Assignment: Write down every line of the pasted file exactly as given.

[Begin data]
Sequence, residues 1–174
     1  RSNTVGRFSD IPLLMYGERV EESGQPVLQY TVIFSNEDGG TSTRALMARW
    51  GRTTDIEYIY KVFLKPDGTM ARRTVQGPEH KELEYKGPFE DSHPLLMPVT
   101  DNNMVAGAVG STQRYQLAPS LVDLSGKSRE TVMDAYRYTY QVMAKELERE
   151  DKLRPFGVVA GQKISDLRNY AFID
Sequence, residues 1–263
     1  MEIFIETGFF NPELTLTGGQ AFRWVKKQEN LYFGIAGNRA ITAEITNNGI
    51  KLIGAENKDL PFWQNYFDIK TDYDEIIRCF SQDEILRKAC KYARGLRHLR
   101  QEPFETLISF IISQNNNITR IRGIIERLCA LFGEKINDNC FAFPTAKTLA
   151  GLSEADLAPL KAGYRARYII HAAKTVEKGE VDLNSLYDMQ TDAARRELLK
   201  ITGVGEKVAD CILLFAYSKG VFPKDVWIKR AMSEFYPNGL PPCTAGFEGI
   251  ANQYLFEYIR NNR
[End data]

Sequence, residues 1–174
     1  RSNTVGRFSD IPLLMYGERV EESGQPVLQY TVIFSNEDGG TSTRALMARW
    51  GRTTDIEYIY KVFLKPDGTM ARRTVQGPEH KELEYKGPFE DSHPLLMPVT
   101  DNNMVAGAVG STQRYQLAPS LVDLSGKSRE TVMDAYRYTY QVMAKELERE
   151  DKLRPFGVVA GQKISDLRNY AFID
Sequence, residues 1–263
     1  MEIFIETGFF NPELTLTGGQ AFRWVKKQEN LYFGIAGNRA ITAEITNNGI
    51  KLIGAENKDL PFWQNYFDIK TDYDEIIRCF SQDEILRKAC KYARGLRHLR
   101  QEPFETLISF IISQNNNITR IRGIIERLCA LFGEKINDNC FAFPTAKTLA
   151  GLSEADLAPL KAGYRARYII HAAKTVEKGE VDLNSLYDMQ TDAARRELLK
   201  ITGVGEKVAD CILLFAYSKG VFPKDVWIKR AMSEFYPNGL PPCTAGFEGI
   251  ANQYLFEYIR NNR